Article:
Safari 4: Rapid! Revolutionary! And Mostly Unnecessary

By  |  Tuesday, February 24, 2009 at 9:03 am

safariiconApple Tuesday release Safari 4 on Tuesday, promising the “world’s fastest web browser” and exciting new features. Yes, this browser is fast Nitro makes this browser quite fast, and it works well — I’m using it right now to type out this post. While I have not tested it on Windows, a Microsoftie reported into me not too long ago that Safari 4 is indeed faster than IE8 on the platform.

Really this release of Apple’s browser appears to be more of a window dressing than an actual honest-to-god upgrade of the platform. Safari now borrows cover flow technology from iTunes, which allows you to see current previews of your “top sites” when opening a new tab, or searching through your bookmarks (here, the pages look as you last visited them).

Search has been modified to actually remember information within the pages in your history. This would allow you to search through the information contained within the pages, which is probably one of the most useful “new” features in this release.

Overall however, Safari 4 when you take out the Cover Flow really is more of a point release than a dramatic retooling of the software. However, with so much done already in the browser space, these days it’s pretty tough to be original…

Update: Found my first showstopping bug with S4 (at least for me). The browser does not work correctly with WordPress’ Dashboard on the Mac version, which obviously throws a wrench in allowing me to put it to regular use.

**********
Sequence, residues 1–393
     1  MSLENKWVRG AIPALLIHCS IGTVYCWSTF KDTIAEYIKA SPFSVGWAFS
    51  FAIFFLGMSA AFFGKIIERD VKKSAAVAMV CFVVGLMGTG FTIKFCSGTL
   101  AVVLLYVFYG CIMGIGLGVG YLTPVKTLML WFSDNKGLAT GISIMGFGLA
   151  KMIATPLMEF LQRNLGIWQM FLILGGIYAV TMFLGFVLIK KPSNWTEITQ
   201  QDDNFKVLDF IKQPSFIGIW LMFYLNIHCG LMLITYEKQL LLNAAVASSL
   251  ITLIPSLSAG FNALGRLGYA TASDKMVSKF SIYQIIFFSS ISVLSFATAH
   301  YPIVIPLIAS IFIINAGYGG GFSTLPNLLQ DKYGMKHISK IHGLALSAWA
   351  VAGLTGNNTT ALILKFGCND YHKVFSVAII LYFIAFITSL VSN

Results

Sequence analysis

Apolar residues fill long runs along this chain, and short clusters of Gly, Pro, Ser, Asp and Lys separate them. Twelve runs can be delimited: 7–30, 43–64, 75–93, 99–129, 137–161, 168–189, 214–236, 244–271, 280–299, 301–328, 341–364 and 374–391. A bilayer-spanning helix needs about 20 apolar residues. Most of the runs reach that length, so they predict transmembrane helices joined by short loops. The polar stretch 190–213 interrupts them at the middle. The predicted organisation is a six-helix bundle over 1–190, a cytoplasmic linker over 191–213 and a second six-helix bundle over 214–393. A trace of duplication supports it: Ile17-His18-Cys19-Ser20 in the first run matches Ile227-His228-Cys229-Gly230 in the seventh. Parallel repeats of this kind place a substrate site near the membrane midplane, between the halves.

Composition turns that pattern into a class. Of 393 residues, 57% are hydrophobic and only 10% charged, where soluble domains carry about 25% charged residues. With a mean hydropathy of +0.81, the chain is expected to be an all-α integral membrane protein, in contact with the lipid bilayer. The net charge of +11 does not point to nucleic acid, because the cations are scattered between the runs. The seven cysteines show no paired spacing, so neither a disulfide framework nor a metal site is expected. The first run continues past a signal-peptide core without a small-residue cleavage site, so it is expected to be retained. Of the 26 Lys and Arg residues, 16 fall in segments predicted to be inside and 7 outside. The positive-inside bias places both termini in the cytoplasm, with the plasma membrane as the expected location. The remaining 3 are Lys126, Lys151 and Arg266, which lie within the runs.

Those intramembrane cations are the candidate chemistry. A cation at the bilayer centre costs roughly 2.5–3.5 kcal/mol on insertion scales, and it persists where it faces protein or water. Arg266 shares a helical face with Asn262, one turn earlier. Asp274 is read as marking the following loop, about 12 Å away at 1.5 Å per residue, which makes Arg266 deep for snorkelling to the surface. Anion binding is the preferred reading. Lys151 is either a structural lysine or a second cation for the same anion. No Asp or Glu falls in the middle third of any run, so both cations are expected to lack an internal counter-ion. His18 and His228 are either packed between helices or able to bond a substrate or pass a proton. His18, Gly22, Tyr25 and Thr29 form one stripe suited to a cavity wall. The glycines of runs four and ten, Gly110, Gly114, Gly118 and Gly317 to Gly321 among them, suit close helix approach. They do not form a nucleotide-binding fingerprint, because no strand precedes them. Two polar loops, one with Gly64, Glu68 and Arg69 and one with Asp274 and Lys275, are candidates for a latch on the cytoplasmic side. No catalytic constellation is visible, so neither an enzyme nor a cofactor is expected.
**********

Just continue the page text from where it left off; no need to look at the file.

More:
And before I hit save, on the subject of my calling the update “unnecessary,” which some have taken issue with: my point is that the new visual features do not really add all that much value. I did say the browser is fast, I’ve updated that to make it clearer that this is Nitro.

 
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13 Comments For This Post

  1. bob Says:

    Ed – what’s with all the negativity? What are your thoughts on Nitro the JavaScript engine? You are a sour puss… I think integration of Cover Flow and Top Sites is kinda cool – a blatant iTunes rip off.. But you seem to be negative on Apple’s Safari for reasons clumsily articulated here. I think it’s fine to criticize Safari.. but don’t be superficial. I think you should take a look at some of the under-the-hood features. Have you done any testing? (of course not yet)… lastly – what’s with the attitude?

  2. sfmitch Says:

    The browser is, arguably, the most important application on a computer. So, a new release is a pretty big deal.

    I am fine with incremental improvements – I use Safari and if the next version is faster and has a few new features than that is good.

    To say that an update to a major browser is mostly unnecessary is pure rubbish.

  3. Ed Oswald Says:

    bob, I’m on it right now. Don’t jump to conclusions or ASSUME. Sorry I am not jumping up and down for everything that Apple releases. They are a human company after all.. ­čśë

  4. theInnocent Says:

    Are you forgetting HTML 5, CSS, and the new Java script engine…. Not window dressing features

  5. Josh Powell Says:

    What I take from this article, is that web developers will be very happy with the new Safari as it provides a lot of things that web developers care about: new javascript engine, html 5, etc, and only a few things that consumers care about: coverflow and Top sites. It’s not that this release is unimportant, it’s that the focus seems to be on the developers.